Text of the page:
Sound — 8
Ill Nino's first release on Cement Shoes Records following their split with the Roadrunner label delves largely into cover songs rather than new material, and the results are generally successful. The Undercover Sessions highlights the band's ability to take well-known songs and bring something completely new to them -- particularly when you're taking on artists like Faith No More, Nirvana, and Peter Gabriel. During it's best moments, Ill Nino calls on it's Latin roots to add a little something extra that would never be heard in a Kurt Cobain or Peter Gabriel song. The EP starts out with Arrastra, one of only a couple original songs on The Undercover Sessions. The track begins with Ill Nino's (vocalist Cristian Machado, guitarists Ahrue Luster and Diego Verduzco, bassist Laz Pina, drummer Dave Chavarri, and percussionist Danny Couto) trademark Latin percussion sound, but quickly merges into a heavy stream of distortion and growls. Arrastra is a pretty solid song and rocks from beginning to end. Percussionist Couto and drummer Chavarri do keep a steady dose of the Latin rhythm in most of the songs -- which actually gives the songs their most original aspects -- but unfortunately that rhythm sometimes does get lost among the other instruments and vocals. The Undercover Sessions will probably remembered most for the diverse cover songs on the album. Zombie Eaters, originally done by Faith No More, once again is given a new sound through the percussion and some nice Spanish-style acoustic guitar work. Deftones' vocalist Chino Moreno helps out on the track, although the vocal delivery isn't done too differently from the original. It's a bold move to take on a Mike Patton song, and while Moreno and Machado do a good job at Zombie Eaters, it still doesn't quite live up to Patton's incredible range. The band closes the EP with Nirvana's Territorial Pissing, a song that is injected with a completely new surge of energy on The Undercover Sessions. The grunge rock sound is transformed into a more straightforward metal track. The band isn't afraid to tone it down at one point, though, with a breakdown that focuses on a beautiful acoustic guitar solo. It's hard to say if diehard fans of Nirvana would embrace the new version completely, but Ill Nino's style does transform Territorial Pissing into a very different song.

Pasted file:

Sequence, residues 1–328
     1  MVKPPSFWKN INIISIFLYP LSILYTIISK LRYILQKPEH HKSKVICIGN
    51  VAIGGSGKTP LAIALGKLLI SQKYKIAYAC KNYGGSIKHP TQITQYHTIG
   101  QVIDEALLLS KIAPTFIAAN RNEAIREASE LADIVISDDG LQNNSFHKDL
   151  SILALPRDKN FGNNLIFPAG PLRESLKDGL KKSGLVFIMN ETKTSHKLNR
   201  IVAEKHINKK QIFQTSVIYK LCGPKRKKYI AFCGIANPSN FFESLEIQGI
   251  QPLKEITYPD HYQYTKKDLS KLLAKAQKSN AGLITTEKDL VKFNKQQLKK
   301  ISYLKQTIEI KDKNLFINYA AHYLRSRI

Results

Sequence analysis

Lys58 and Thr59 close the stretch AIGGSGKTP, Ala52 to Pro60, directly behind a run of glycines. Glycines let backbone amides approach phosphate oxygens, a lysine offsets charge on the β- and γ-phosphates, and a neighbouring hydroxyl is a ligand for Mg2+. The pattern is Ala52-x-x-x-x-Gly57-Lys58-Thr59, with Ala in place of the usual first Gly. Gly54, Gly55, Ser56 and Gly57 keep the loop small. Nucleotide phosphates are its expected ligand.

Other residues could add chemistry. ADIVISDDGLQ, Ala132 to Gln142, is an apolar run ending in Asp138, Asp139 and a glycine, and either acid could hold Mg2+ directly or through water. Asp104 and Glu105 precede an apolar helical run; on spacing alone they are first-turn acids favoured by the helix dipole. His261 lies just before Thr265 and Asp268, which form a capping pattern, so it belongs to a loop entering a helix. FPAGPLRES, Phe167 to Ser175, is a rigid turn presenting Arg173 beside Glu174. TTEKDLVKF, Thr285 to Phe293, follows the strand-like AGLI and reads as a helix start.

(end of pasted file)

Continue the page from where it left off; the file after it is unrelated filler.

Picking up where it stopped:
Lyrics — 7
There are only 2 original songs on the EP, but both include the themes of rejection and deception. While at times the lyrics do sound like what's heard from a lot of other bands these days, they do seem to fit the music behind them well. Reservation For Two conveys the emotions of a lover who is watching his relationship fail. Machado sings, And I don't ever promise you anything; No I don't ever promise your diamond ring; I keep you right here; And now we've come undone. There's definitely honest emotion throughout the song, and it's likely plenty of people can relate to them. Arrastra deals more with internal conflict rather than with another person. The song does seem to involve self-deception and an uncertainty of where to belong in the world. Machado sings, I sold my soul for my reputation; Lost my balance and now I'm losing control; Can't stand when nothing feels right. While there are a lot of songs that do have a similar theme these days, it's still courageous of Machado to make his personal feelings public.
Overall Impression — 8
While there is not much new material on The Undercover Sessions, Ill Nino has in some ways made 3 well-known songs completely its own thanks to its injection of the Latin sound. While Zombie Eaters is a good effort, Territorial Pissing is the most unique out of the all the covers with it's faster tempo and acoustic-driven breakdown. Fans of Ill Nino will enjoy the latest release, even if there are only 5 songs to tie them over for now. The band is at its best when you can hear the percussion and Latin-flavored acoustics coming through, and hopefully the band will make that sound even more prominent on its next full-length.